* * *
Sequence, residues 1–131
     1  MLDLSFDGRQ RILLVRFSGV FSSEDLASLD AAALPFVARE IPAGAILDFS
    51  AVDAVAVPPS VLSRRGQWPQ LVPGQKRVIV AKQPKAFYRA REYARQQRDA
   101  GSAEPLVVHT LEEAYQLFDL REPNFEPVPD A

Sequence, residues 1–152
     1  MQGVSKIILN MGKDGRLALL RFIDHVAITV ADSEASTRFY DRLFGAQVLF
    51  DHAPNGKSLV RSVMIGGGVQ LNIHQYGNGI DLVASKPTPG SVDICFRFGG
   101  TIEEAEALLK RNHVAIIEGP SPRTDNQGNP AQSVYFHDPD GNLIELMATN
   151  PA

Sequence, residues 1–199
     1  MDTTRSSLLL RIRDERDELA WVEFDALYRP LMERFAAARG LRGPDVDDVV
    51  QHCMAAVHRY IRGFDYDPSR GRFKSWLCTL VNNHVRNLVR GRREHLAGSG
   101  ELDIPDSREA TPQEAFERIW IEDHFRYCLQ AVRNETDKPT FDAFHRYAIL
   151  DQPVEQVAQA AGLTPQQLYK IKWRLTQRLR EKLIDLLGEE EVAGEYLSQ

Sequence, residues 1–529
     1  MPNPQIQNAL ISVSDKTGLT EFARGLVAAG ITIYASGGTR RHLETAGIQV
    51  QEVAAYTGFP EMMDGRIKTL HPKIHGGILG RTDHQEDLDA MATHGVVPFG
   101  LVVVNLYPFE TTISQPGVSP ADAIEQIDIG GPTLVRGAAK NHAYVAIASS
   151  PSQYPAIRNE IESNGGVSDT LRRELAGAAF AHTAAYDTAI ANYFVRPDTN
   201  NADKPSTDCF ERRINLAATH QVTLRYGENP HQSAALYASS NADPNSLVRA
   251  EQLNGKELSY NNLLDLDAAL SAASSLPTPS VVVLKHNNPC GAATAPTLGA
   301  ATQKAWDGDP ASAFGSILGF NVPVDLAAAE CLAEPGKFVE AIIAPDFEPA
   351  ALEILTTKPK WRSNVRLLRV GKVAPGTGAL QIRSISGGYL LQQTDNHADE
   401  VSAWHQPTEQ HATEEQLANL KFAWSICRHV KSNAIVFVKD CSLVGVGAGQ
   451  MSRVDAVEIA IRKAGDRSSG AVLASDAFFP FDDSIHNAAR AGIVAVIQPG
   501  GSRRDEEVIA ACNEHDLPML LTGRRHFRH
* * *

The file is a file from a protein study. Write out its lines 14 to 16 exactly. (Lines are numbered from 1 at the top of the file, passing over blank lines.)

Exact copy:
   151  DQPVEQVAQA AGLTPQQLYK IKWRLTQRLR EKLIDLLGEE EVAGEYLSQ

Sequence, residues 1–529
     1  MPNPQIQNAL ISVSDKTGLT EFARGLVAAG ITIYASGGTR RHLETAGIQV